North London Radio
NLR was first heard in late August 1977. Founder members being myself and Norman Spencer, who had recently left East London Radio due to a management disagreement, leaving Norman Spencer with a studio and no transmitter. As I recorded my ELR programmes at Norman's studio it was decided that since Norman had the recording facilities and I had a transmitter, which were both redundant, that we start a new station to rival ELR. North London was the chosen coverage area and therefore we decided to call it North London Radio. The transmitter was built by Rod Smith who at the time lived in West Green Rd, Tottenham and made transmitters for a living.
At 11am on a Sunday morning we started our test transmission from an ex-ELR site in Claybury in East London which proved to be very successful due to the excellent signal and audio quality that was produced from NLR's solid state transmitter. The following Sunday NLR was back on air this time with 5 DJ's, 3 of them recruited from the previous weeks test transmission. The new recruits were Paul Allen, Adrian Day and Martin Kay. This time transmissions were from Forty Hill in Enfield. Transmissions were made for the next eight weeks from various sites until the then regular site of field behind the Fallow Buck pub in Enfield, this site was used for approx. 4-5 months. This site was used in rotation with another regular site at Whetstone. By now NLR had established it self and had a total staff of 26 people of whom 11 were DJ's.
Norman Spencer, in the same manner that he left ELR then decided to leave NLR. His reason was because he didn't like the non-stop fast moving music format that made NLR so popular.. Together with Paul Allen from NLR and one Christopher England who had somehow contacted Norman Spencer, collectively decided to try to scupper NLR's transmissions and start their own radio station calling it North London Radio. Fortunately myself and Mike StJohn had learnt in advance of their plans so we hurriedly built a studio at my then home in Lancelot House, Edmonton N9.
On the following Sunday there were TWO North London Radio's broadcasting at the same time and both claiming to be on 221m when in fact my station was on the original 1368kHz and Norman's station was on 1386kHz. After a visit by the original NLR team all 26 of them, the band of 3 decided we had more claim to the name, so the following week Norman and his team reappeared as Radio Amy which stood for Alternative Media for You. Ironically some three months further on, when Amy had established it self and built up a strong team of presenters and staff, Norman Spencer decided to leave again. At this point Christopher England and I had a meeting realising that we had a lot in common and then NLR became a close ally of Radio Amy, sometimes sharing equipment, sites and staff, which was a very satisfactory arrangement for both stations.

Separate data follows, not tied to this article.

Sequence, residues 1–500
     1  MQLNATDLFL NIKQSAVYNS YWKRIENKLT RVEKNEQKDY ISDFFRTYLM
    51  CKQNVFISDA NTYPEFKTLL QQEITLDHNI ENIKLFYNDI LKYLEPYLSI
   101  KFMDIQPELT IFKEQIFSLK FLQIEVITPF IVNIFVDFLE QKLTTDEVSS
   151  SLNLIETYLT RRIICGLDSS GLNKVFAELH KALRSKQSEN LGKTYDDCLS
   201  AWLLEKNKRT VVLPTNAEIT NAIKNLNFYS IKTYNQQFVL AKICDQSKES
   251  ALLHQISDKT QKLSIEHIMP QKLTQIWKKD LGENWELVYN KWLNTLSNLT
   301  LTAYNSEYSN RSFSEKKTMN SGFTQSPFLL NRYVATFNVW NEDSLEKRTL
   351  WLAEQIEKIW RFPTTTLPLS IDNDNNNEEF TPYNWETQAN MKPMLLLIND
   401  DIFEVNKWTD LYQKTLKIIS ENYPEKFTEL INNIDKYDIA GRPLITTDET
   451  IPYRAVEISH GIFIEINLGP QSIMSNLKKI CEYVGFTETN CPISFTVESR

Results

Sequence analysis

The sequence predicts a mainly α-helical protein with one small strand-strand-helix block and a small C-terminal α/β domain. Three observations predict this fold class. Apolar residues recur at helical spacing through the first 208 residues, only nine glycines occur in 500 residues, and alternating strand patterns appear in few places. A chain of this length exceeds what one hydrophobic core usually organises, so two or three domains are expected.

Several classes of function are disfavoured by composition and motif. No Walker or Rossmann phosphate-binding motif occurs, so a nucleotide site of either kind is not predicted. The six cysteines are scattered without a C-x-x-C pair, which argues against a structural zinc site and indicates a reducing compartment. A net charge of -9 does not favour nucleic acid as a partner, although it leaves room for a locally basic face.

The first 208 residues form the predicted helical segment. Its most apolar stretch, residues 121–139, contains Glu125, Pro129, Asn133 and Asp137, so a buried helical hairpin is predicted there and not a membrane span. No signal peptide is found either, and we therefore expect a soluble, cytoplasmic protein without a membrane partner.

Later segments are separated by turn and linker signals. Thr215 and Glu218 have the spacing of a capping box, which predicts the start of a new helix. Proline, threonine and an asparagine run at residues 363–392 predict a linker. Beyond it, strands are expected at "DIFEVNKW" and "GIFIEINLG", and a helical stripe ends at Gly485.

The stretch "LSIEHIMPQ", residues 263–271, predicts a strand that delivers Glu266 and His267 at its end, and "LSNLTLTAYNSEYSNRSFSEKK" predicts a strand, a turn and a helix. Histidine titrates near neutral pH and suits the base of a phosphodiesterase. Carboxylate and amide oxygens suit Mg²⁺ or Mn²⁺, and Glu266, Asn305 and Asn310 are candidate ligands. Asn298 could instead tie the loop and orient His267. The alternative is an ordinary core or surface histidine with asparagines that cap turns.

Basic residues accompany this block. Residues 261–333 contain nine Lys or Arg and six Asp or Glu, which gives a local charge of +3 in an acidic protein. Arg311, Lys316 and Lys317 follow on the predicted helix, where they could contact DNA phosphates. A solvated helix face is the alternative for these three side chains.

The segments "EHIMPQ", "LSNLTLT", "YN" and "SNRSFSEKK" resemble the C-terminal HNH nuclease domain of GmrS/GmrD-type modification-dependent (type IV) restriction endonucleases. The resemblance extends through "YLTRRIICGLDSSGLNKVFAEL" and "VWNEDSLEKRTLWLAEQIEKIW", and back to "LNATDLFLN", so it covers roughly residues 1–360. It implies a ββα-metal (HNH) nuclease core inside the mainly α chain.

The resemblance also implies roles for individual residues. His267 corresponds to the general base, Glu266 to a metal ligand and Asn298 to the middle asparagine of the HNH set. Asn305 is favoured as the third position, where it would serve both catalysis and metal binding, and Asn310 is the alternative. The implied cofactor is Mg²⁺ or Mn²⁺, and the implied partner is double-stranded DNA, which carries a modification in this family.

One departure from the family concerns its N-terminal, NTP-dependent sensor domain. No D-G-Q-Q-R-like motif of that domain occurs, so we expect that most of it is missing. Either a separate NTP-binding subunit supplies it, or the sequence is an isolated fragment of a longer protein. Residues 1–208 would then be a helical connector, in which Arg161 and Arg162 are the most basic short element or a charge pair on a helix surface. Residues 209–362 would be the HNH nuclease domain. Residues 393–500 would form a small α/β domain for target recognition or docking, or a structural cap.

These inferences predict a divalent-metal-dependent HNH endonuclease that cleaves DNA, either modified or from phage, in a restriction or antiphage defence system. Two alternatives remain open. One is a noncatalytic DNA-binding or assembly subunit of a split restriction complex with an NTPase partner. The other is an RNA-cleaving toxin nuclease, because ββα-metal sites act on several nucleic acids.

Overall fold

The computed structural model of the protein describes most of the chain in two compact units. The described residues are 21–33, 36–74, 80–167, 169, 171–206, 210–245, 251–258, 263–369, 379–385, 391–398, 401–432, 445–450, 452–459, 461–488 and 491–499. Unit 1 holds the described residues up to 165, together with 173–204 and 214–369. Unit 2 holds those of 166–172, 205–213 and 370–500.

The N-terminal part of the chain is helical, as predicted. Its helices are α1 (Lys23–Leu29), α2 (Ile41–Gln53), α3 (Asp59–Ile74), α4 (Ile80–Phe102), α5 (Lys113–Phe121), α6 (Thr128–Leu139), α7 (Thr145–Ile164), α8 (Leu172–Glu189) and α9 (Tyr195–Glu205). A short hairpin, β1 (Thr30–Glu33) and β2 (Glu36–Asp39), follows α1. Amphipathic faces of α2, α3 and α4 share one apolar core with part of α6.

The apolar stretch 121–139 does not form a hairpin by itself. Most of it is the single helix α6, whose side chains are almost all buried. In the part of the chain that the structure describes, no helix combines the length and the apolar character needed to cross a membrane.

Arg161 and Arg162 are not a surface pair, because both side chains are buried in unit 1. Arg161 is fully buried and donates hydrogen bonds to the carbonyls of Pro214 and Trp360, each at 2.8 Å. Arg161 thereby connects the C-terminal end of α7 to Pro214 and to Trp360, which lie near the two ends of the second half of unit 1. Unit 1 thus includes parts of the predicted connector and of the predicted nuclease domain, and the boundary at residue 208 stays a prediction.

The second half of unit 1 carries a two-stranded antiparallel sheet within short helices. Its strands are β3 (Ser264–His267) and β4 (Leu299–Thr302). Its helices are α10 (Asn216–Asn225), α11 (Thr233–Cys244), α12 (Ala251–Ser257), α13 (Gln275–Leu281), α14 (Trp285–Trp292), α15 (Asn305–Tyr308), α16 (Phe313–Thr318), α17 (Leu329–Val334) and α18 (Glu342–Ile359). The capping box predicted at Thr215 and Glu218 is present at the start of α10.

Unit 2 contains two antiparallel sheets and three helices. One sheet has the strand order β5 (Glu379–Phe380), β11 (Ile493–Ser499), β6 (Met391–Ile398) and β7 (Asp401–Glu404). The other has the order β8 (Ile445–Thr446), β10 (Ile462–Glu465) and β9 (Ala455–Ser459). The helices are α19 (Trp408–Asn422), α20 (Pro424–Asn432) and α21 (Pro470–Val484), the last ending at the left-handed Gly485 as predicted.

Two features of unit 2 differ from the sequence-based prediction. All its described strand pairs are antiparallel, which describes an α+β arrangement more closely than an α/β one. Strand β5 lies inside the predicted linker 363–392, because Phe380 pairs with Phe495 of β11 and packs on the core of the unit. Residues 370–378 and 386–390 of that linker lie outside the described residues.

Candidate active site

In it's 2 years of broadcasting NLR was never visited by the authorities, sadly this was not the case for Radio Amy. One particular Sunday in August 1978 close communication between Amy and NLR warned us that they had been raided and their equipment confiscated just 4 miles from the NLR site. With the authorities on their way to our site we switched the transmitter off headed for home where the studio, spare transmitters and a 100ft long wire aerial were waiting on our arrival we put a loop tape out on air warning other stations of the authorities activity. This resulted in Radio City, Celebration Radio and Radio Jackie all going off air and retaining their equipment.
In July 1978 NLR held a roadshow at the then Cambridge Public House in Edmonton in a hall with a capacity of 450. 200 tickets were printed and by nine o'clock we were tearing them in half to have enough to sell to everyone who turned up. With the hall bursting at the seams all the NLR jocks took a turn on stage backed by live band Duffy. This was a very enjoyable and financially successful event, raising enough money to keep the station going for a further year and a good booze up.
NLR had been a very successful station, attracting a large audience across North London and surrounding areas, largely due to the very high level of modulation which at this time was a first being as the BBC and the IBA and all other pirates would or could only manage 70% modulation, whereas the NLR transmitter was 110% modulation just slightly clipping the carrier but with no distortion.
NLR finally ceased transmissions in July 1979. In favour of Happy Music Radio.
|Popular North London Radio sticker 1|
|Popular North London Radio sticker 2|
|An original NLR information sheet that was sent out to listeners|
|North London Radio main studio in Edmonton|
|One of the three North London Radio solid state transmitters|
|Internal view of North London Radio solid state transmitter|
|Prolific broadcaster Mike StJohn who has been with me in all my radio ventures|
|Mike StJohn and Laser transmitter on board the Communicator|
|NLR reception report 1978|
|One of the many NLR small posters|
|A very surprised Garry Stevens, thinking it was the DTI|
|Lancelot House itself|
|Where all dedications and requests were received|
|It speaks for itself, all good things have to end in radio|
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